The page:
Lockwood says the media "has been hugely important in increasing the size and attendance at the Expo over the years. We all know there's more credibility to our show when reporters and editors write about our show. Anecdotally, last year's board chairman told me he had no idea the impact the media had on the show and the service they provide to agriculture in telling the story about Expo."
The media is well cared for at Expo. From a small trailer In communications, a code or set of codes that make up the last part of a transmitted message. See trailer label. with folding tables and chairs years ago, this year a doublewide dou·ble·wide
Two mobile homes, each 24 feet in width, bolted together as a single unit and used as a permanent residence.
dou trailer with kitchen and two bathrooms will serve the couple hundred media attending. "It's become quite sophisticated," Lockwood says.
With almost 1,600 exhibits, Lockwood's challenge is focusing the media on how to get the story at Expo. Something new last year, and an event that will be expanded this year, was a fall media day. "We're going from one day to two days with our fall media event," Lockwood says. "We want to bring in as many media as we can to tell our story. We're going to have an update on the show, as well as golf, customized farm tours and a special evening with some of our long-time volunteers. It's critical we do this if we want media from beyond California to continue to come on a regular basis."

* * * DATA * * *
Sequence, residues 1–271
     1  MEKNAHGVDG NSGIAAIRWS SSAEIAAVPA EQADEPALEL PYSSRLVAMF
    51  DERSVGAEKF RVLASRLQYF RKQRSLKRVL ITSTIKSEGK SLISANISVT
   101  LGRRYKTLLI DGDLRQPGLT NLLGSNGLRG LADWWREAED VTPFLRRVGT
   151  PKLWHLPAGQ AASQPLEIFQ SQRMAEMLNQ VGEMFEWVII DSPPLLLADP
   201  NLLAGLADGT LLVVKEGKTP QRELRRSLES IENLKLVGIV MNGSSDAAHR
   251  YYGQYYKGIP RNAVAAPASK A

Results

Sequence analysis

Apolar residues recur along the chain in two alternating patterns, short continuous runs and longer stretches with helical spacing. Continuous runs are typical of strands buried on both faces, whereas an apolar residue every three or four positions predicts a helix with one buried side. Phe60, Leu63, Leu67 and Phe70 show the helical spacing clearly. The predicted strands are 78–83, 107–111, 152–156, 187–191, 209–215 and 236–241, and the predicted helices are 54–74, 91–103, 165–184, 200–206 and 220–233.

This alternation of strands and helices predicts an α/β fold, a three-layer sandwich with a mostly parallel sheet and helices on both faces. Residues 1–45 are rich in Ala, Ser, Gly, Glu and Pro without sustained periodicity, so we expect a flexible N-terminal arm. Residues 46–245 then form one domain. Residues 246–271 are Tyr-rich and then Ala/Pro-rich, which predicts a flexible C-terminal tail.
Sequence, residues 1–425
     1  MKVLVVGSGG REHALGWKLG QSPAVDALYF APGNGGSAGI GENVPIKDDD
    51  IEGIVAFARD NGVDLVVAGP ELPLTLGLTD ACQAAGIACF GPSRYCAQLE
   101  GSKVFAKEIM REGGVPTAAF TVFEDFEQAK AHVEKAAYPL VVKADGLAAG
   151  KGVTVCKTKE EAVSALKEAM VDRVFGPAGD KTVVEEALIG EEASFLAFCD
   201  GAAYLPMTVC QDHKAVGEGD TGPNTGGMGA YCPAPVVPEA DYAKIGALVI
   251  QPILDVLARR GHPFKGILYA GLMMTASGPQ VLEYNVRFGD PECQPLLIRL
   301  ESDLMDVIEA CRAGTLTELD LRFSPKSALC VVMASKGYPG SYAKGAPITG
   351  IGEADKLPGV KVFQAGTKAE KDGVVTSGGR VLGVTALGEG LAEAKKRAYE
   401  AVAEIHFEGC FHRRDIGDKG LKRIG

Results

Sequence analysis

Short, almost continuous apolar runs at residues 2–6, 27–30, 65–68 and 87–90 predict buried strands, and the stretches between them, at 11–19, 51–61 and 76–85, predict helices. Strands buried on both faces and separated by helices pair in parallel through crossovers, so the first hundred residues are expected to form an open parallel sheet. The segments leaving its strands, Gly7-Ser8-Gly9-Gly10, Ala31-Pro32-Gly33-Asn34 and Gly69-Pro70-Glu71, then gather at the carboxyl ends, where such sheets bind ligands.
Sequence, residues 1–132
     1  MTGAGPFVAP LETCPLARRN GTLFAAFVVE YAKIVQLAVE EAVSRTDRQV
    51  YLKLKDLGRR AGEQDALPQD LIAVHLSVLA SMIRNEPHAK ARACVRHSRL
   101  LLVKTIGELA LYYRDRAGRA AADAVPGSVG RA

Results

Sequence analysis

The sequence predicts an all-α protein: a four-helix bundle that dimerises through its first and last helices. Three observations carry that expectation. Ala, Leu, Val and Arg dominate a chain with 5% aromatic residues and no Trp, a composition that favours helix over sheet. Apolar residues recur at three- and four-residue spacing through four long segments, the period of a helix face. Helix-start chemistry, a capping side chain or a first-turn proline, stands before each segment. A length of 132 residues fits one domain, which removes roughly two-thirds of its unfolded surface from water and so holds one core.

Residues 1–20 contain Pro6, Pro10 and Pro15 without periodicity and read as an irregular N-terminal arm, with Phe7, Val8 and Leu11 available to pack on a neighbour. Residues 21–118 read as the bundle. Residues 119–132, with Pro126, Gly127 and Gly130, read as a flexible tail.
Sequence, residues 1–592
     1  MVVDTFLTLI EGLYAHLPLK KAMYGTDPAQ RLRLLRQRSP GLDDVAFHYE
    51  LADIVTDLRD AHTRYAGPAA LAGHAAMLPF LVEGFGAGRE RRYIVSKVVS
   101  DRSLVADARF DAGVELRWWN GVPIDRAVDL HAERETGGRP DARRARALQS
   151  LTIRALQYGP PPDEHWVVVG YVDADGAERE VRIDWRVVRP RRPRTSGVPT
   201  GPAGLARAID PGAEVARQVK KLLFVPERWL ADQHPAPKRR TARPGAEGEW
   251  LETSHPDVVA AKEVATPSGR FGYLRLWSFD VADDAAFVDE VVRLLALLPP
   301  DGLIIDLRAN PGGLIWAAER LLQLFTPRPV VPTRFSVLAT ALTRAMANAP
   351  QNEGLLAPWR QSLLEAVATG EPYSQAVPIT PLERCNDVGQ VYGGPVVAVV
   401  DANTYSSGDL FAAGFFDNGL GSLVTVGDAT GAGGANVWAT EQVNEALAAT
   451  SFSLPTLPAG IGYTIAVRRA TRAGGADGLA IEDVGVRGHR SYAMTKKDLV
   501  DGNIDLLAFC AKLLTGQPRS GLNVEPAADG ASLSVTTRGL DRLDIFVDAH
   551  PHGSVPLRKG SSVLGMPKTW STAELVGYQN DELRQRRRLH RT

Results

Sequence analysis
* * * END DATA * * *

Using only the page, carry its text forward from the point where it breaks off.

Not that that's a real problem. More than 200 media attend each year. But getting them focused can be a challenge, especially in today's world of mainstream journalists uneducated about agriculture without much of a background in the industry. "This is especially true of the mainstream media," Lockwood says. "The trade journals really have better ag backgrounds. But we spend a lot of time in the care and feeding of reporters."
Another new idea this year will be a magazine sent in November just to California attendees. It's called VIP Preview and, Bird says, "It's designed to hit top producers in California and convince them to come to Expo for more than one day. We have been sending one publication (World Ag Expo magazine) to 80,000 in January for years. We decided that a second publication was needed to target our biggest potential market for attendance, those 31,000 people within 250 miles of the show." World Ag Expo annually has 200-plus pages, half of which is advertising.